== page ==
In fact, as Sisman suggests and many believe, Trevor-Roper was at heart an essayist, a master of the short form, and journalism helped him focus his wide learning. As a boy, he’d grown up in a middle-class household in which the parents never displayed affection. Though he was the finest classicist in his year at Oxford (before he switched to history), he drank relentlessly as an undergraduate, drove his car at reckless speeds and frequently fell from his horse when riding to hounds (a favorite pastime), as if he were trying desperately to find some physical release for his frozen emotional self. As a don, he was widely regarded as inhuman, coldly ironic, frightening. For a long time he was even thought to be asexual. When, at 39, he did fall into a love affair with an older, married womon (who eventually became his wife), she complained that he never whispered any endearments or even murmured that he loved her.

By inclination, Trevor-Roper seems to have been a mandarin litterateur. His true mentor wasn’t his tutor J.C. Masterman, but rather the wealthy American bookman Logan Pearsall Smith, known for his brittle aphorisms collected as “Trivia.” Smith took up Trevor-Roper (as he did, at other times, the writer Cyril Connolly and the art critic John Russell) and urged his young disciple to live a life devoted to reading and scholarship and the composition of beautiful sentences. Following Smith’s death, Trevor-Roper transferred his devotion to his mentor’s famous brother-in-law, the equally refined art connoisseur Bernard Berenson.

Little wonder that Trevor-Roper grew into such an exacting prose stylist, valuing clarity of thought and expression above all else. But as a scholar he was, instinctively, a controversialist, an upsetter of received opinion and long-held truisms. Most famously, in “The Elizabethan Aristocracy: An Anatomy Anatomised,” he argued against the seemingly incontrovertible view that the aristocracy was on the decline and the gentry on the rise in early modern England; it was, he maintained, with compelling evidence, quite the other way ’round. More generally, he could never resist an opportunity to take a dig at organized religion, especially Catholicism. The novelist Evelyn Waugh, as a defender of the faith, frequently excoriated the Oxford historian, once declaring that only “one honorable course is open to Mr. Trevor-Roper. He should change his name and seek a livelihood at Cambridge.” Alas, Waugh wasn’t alive to appreciate the irony when his old enemy became Lord Dacre and assumed the mastership of Cambridge’s Peterhouse College.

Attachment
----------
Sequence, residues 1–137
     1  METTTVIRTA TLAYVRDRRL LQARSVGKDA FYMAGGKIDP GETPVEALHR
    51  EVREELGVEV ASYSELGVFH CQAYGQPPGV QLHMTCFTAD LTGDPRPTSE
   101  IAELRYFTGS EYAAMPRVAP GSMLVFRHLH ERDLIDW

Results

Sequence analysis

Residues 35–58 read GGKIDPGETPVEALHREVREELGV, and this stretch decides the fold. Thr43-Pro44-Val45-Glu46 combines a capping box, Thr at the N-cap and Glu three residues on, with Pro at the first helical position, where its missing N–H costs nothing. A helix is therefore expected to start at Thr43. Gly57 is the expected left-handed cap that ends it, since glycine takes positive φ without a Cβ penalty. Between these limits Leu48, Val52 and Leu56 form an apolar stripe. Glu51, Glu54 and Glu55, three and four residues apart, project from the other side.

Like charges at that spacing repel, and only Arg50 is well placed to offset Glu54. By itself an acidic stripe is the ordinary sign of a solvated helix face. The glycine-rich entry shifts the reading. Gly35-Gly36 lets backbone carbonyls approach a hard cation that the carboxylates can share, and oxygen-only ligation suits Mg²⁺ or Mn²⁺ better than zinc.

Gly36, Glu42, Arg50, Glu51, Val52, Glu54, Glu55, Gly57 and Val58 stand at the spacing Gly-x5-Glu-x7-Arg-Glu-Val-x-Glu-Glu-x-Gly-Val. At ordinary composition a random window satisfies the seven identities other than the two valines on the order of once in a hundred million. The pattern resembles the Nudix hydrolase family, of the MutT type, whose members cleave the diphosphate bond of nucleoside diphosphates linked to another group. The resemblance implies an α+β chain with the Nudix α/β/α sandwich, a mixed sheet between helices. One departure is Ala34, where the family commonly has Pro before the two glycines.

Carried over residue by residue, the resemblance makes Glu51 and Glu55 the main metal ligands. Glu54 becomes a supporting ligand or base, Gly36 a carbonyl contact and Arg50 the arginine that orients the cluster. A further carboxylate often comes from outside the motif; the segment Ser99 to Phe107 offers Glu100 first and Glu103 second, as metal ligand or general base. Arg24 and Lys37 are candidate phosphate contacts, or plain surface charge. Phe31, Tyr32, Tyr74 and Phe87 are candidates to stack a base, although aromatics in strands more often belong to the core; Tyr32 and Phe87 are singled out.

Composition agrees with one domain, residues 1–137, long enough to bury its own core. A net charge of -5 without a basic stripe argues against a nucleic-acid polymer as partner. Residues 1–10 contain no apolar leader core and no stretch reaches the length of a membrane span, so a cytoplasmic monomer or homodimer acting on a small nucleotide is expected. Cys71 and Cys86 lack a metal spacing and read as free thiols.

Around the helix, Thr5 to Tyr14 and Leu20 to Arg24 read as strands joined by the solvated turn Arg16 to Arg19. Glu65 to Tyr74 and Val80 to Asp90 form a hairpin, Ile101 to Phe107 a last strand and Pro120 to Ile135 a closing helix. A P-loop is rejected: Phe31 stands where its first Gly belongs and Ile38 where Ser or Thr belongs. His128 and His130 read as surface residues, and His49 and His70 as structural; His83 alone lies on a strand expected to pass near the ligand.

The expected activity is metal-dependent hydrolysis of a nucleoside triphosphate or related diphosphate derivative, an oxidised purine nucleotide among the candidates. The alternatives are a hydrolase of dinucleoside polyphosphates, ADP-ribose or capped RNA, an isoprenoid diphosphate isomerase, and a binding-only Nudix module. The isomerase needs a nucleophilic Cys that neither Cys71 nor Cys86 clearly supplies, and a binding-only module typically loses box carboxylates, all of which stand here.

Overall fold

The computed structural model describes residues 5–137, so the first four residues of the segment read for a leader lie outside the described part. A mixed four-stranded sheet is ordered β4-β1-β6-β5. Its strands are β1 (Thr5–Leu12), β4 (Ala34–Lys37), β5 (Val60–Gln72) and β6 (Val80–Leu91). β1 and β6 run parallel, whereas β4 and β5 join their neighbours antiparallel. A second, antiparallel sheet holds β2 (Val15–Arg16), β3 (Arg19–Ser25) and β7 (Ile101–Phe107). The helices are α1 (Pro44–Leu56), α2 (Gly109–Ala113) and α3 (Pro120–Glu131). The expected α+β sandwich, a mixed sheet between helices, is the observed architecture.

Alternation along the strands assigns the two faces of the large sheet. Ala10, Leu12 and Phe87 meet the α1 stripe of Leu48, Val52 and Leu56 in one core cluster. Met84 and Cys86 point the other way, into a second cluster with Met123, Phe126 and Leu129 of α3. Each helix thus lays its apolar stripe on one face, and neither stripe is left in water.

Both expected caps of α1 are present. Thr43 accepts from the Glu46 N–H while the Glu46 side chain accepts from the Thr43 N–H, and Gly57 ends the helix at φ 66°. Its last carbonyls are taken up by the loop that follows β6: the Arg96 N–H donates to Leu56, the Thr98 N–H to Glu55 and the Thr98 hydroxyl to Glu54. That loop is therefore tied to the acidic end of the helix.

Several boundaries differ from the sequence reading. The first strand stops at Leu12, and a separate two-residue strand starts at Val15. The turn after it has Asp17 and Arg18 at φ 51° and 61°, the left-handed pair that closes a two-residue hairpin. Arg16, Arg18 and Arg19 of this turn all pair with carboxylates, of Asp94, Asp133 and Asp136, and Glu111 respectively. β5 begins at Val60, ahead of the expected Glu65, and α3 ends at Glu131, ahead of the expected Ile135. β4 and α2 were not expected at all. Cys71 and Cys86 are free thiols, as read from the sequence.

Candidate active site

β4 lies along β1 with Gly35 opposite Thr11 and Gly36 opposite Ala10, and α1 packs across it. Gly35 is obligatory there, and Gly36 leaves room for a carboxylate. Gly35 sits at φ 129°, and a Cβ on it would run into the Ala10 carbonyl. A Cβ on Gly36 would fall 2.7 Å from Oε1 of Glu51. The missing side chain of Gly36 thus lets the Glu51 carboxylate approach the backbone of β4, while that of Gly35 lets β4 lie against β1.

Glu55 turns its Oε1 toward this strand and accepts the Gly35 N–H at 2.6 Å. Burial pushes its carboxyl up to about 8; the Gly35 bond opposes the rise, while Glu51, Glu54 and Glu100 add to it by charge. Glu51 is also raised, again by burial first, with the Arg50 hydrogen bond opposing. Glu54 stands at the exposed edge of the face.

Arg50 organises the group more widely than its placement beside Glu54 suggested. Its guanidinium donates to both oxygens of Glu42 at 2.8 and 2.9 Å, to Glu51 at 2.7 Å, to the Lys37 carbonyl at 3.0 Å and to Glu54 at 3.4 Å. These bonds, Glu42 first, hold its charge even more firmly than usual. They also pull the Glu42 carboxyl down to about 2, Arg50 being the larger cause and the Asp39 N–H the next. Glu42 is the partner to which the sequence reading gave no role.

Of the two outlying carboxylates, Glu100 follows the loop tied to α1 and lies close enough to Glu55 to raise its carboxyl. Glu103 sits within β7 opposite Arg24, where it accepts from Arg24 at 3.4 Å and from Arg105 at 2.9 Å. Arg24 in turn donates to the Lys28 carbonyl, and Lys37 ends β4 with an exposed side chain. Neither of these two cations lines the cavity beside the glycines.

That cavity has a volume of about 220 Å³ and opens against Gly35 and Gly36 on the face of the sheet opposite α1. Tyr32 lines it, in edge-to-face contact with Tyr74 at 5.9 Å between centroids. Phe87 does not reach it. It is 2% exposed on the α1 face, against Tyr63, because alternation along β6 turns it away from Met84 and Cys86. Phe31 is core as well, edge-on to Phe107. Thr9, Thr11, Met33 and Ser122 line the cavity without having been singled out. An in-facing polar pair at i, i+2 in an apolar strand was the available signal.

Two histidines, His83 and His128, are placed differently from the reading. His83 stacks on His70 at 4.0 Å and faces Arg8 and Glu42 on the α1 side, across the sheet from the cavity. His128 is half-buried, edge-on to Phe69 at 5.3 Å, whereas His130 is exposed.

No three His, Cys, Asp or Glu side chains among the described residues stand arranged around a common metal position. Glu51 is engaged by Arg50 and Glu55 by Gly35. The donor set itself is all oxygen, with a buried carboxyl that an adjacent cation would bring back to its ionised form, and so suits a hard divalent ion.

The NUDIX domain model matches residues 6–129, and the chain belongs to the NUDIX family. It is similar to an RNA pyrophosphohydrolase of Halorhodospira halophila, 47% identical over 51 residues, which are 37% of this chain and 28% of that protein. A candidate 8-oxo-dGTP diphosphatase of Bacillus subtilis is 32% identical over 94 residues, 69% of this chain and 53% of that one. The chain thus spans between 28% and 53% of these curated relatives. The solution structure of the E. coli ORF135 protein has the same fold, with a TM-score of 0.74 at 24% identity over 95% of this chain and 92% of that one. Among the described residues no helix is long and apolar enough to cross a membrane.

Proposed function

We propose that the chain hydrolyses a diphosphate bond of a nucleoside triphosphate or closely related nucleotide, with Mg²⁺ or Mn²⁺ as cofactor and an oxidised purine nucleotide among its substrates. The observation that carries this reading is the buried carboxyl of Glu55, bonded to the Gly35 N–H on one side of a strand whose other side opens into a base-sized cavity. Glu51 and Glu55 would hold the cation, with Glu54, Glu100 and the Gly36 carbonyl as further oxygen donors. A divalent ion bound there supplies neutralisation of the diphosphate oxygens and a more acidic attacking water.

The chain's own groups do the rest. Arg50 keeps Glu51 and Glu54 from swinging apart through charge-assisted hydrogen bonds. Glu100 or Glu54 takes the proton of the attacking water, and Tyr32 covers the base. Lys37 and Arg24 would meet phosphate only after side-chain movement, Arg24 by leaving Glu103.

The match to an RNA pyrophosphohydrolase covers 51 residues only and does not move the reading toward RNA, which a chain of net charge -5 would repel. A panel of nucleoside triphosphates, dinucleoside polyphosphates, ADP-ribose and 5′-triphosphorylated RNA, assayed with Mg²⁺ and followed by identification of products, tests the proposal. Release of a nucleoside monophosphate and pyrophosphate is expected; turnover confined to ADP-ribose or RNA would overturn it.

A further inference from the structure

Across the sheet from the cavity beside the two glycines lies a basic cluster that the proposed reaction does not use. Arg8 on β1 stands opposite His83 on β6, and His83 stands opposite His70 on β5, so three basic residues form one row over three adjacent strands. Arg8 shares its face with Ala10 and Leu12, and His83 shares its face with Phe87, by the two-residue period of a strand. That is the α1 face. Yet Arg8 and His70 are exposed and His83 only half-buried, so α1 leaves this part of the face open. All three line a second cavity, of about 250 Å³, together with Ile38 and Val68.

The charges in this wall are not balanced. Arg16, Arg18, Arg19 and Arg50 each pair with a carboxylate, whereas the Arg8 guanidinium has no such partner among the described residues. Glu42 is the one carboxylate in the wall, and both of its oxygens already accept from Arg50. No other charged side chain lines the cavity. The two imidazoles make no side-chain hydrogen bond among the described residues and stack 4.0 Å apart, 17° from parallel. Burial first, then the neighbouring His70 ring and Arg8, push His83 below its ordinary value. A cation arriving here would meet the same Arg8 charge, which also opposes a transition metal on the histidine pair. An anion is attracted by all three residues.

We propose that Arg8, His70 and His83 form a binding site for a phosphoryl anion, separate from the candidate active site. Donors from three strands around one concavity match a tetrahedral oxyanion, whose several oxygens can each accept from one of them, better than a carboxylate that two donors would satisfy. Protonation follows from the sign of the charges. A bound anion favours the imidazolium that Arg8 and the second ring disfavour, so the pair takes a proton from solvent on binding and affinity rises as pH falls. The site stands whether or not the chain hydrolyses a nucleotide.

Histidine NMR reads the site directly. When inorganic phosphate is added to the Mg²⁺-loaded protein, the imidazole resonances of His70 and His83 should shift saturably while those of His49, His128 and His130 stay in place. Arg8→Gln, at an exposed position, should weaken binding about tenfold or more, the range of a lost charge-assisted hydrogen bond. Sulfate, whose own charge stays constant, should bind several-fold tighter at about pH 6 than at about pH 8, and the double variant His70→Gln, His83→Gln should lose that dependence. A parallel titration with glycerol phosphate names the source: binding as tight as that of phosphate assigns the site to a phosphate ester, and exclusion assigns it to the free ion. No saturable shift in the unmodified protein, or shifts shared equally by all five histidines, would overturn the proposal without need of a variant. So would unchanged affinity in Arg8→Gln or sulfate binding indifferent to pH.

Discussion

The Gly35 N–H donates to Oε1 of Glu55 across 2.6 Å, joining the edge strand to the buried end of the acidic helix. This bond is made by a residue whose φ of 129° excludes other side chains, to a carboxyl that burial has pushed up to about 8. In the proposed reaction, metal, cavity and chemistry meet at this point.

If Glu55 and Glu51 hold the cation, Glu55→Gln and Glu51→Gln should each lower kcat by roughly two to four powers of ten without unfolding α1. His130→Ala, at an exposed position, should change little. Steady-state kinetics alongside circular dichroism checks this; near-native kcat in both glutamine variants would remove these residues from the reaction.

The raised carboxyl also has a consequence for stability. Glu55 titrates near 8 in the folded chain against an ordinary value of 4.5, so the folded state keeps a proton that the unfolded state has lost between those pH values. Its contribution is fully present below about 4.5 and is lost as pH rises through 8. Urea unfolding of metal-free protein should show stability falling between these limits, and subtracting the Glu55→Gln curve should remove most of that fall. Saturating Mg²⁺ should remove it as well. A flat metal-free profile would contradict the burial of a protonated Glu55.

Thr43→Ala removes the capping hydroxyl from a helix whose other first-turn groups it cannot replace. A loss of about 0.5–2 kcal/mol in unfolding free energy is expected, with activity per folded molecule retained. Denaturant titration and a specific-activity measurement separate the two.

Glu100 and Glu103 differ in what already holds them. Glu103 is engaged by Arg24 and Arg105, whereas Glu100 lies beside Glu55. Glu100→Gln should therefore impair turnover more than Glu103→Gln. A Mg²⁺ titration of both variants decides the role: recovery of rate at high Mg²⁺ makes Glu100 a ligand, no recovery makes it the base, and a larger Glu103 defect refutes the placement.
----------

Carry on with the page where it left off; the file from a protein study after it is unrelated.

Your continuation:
For most ordinary readers, Trevor-Roper is known for his thrilling introductions to editions of Tacitus, Gibbon and Macaulay. For those of a more scholarly bent, his various collections of lectures, academic papers and reviews — including “Men and Events,” “Renaissance Essays,” “Catholics, Anglicans, and Puritans: Seventeenth Century Essays,” “From Counter-Reformation to Glorious Revolution” and “History and the Enlightenment” — are seemingly inexhaustible repositories of dry wit and carefully marshaled erudition. Just to read Trevor-Roper on Robert Burton and “The Anatomy of Melancholy” or on the historian Clarendon or on “The General Crisis of the Seventeenth Century” or on the philosopher David Hume is to feel that one is, in a small way, a citizen in the Republic of Letters.

Detailed, funny and beautifully paced, “An Honourable Englishman” is one of the fullest and most intelligent biographies of a modern scholar ever written. Its readers are in for a treat.

Dirda reviews each Thursday in Style and conducts a book discussion for The Post at wapo.st/reading-room. His latest book, “On Conan Doyle,” has just been published.

An Honourable Englishman The Life of Hugh Trevor-Roper By Adam Sisman Random House. 643 pp. $40.